AbstractThis thesis examines the language and dating of later medieval Irish legal writing. Three texts are analysed: the ‘Marriage Disputes’ commentary, edited by Fergus Kelly (2014); the glosses and commentaries copied by Scribe 1 of Cáin Lánamna (ed. Charlene Eska, 2010); and the glosses on Gúbretha Caratniad, edited by Rudolph Thurneysen (1925). The crux of the research is to determine to what period of the Irish language the later body of writing in these texts belongs.
In the three of these texts we have later material which is attached to a canonical text in Old Irish (the language of the period c. 600-900 AD), with the entirety being transmitted in a later manuscript of the Middle Irish (c. 900-1200) or Early Modern Irish (c. 1200-1600) period. In each case, a close examination of the later writing reveals a complex and often intractable linguistic landscape, a situation not helped by the fragmented manuscript tradition.
The conclusions on each text therefore allow for a good deal of flexibility when it comes to dating the glosses and commentaries examined. The ‘Marriage Disputes’ commentary could be said to be Middle Irish, but the analysis suffers due to a dearth of solid evidence. The gloss/commentary copied by Scribe 1 in Cáin Lánamna presents more data, and can in my opinion be dated to the Middle Irish period more securely. In both of the foregoing cases, however, there is considerable counter-evidence which could suggest a composition date in the Early Modern Irish period.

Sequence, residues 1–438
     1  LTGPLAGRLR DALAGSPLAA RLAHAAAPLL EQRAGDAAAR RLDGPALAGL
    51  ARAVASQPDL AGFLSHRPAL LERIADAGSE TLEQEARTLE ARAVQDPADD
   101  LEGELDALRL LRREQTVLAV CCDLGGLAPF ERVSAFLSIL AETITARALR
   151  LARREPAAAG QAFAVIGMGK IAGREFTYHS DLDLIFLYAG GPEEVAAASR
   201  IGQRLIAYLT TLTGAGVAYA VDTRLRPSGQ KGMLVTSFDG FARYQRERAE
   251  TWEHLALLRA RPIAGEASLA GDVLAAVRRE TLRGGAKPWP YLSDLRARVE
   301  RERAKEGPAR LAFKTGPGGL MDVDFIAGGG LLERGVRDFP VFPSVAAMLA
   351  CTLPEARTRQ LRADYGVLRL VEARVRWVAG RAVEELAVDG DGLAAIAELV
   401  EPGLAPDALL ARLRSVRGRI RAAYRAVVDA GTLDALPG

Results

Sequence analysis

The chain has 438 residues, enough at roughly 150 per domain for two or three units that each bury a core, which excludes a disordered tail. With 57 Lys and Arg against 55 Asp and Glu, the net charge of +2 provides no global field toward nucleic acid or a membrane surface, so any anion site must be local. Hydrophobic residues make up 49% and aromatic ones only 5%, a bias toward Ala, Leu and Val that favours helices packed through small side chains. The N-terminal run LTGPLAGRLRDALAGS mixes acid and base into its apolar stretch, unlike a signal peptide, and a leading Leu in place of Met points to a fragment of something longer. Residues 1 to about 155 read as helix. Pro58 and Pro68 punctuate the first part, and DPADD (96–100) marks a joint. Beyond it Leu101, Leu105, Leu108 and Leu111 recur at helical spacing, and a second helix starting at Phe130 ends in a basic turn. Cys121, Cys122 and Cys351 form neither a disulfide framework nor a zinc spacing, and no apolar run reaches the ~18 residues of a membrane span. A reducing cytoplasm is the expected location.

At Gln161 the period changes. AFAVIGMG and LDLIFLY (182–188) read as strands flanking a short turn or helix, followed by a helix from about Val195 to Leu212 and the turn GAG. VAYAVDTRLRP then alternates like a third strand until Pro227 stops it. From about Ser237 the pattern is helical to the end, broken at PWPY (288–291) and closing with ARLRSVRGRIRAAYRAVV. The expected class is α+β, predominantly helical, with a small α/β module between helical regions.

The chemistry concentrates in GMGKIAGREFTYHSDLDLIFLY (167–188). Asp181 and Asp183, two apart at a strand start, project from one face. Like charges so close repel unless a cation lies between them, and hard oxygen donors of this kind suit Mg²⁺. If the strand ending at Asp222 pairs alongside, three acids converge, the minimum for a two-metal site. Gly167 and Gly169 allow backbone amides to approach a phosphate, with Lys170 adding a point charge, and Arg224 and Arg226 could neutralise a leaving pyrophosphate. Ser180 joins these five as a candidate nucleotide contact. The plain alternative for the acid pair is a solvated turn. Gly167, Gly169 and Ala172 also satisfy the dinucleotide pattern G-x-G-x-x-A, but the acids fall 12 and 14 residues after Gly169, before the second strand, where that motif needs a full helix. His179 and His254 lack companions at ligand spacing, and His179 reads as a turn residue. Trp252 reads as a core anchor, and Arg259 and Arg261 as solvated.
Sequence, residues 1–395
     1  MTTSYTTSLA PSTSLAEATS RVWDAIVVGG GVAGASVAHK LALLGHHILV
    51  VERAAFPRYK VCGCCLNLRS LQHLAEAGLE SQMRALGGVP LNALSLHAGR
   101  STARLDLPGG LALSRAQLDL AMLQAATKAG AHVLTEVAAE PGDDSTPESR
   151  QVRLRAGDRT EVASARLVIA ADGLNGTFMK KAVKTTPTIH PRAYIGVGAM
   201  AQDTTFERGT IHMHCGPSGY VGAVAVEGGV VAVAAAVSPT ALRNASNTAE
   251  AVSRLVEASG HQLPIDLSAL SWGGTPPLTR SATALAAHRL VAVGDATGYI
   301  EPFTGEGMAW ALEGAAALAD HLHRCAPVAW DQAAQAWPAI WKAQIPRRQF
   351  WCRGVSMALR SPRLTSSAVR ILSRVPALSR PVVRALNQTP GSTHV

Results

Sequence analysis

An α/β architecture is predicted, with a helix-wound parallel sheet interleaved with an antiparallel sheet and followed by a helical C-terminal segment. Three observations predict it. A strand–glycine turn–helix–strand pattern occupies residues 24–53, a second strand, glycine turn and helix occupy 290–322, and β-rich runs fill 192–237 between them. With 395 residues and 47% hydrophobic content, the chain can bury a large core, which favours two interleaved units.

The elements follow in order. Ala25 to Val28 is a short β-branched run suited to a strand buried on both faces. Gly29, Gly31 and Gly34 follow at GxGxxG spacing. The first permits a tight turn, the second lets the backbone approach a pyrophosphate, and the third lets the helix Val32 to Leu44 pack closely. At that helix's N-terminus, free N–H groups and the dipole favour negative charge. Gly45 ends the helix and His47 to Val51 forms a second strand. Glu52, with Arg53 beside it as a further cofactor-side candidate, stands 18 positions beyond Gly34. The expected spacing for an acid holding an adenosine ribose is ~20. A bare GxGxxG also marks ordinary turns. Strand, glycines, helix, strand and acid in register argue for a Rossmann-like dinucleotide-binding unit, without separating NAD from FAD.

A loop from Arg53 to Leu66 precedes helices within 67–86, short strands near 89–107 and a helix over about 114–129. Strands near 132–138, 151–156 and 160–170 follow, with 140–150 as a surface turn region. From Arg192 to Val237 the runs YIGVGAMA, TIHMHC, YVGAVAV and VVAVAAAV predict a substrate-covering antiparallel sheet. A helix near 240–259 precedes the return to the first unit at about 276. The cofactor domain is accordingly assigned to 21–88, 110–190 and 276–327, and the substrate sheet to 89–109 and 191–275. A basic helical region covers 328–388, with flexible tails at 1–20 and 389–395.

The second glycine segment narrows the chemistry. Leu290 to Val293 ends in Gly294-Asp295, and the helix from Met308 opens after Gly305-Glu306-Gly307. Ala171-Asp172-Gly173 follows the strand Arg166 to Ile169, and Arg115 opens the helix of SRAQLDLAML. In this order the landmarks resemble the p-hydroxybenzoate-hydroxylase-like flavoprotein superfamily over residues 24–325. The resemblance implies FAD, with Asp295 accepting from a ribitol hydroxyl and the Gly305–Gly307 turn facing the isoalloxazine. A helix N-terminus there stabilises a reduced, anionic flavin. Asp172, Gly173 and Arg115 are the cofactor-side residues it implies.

The glosses on Gúbretha Caratniad are distinct in that they survive in a manuscript copied within the Middle Irish period itself. I believe they could have been written in the 10th century. In contrast to the later material in ‘Marriage Disputes’ and Cáin Lánamna, here we have the problem of determining whether or not the glosses are a product of the Old Irish period itself.
|Date of Award||Dec 2020|
|Sponsors||The Leverhulme Trust|
|Supervisor||Micheal O Mainnin (Supervisor) & Greg Toner (Supervisor)|